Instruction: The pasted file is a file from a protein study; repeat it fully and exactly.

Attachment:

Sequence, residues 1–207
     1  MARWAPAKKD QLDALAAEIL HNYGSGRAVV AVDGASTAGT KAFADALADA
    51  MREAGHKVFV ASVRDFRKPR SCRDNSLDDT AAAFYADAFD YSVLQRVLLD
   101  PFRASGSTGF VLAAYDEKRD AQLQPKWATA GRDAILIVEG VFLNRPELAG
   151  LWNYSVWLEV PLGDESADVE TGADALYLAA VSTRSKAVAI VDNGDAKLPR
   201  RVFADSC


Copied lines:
Sequence, residues 1–207
     1  MARWAPAKKD QLDALAAEIL HNYGSGRAVV AVDGASTAGT KAFADALADA
    51  MREAGHKVFV ASVRDFRKPR SCRDNSLDDT AAAFYADAFD YSVLQRVLLD
   101  PFRASGSTGF VLAAYDEKRD AQLQPKWATA GRDAILIVEG VFLNRPELAG
   151  LWNYSVWLEV PLGDESADVE TGADALYLAA VSTRSKAVAI VDNGDAKLPR
   201  RVFADSC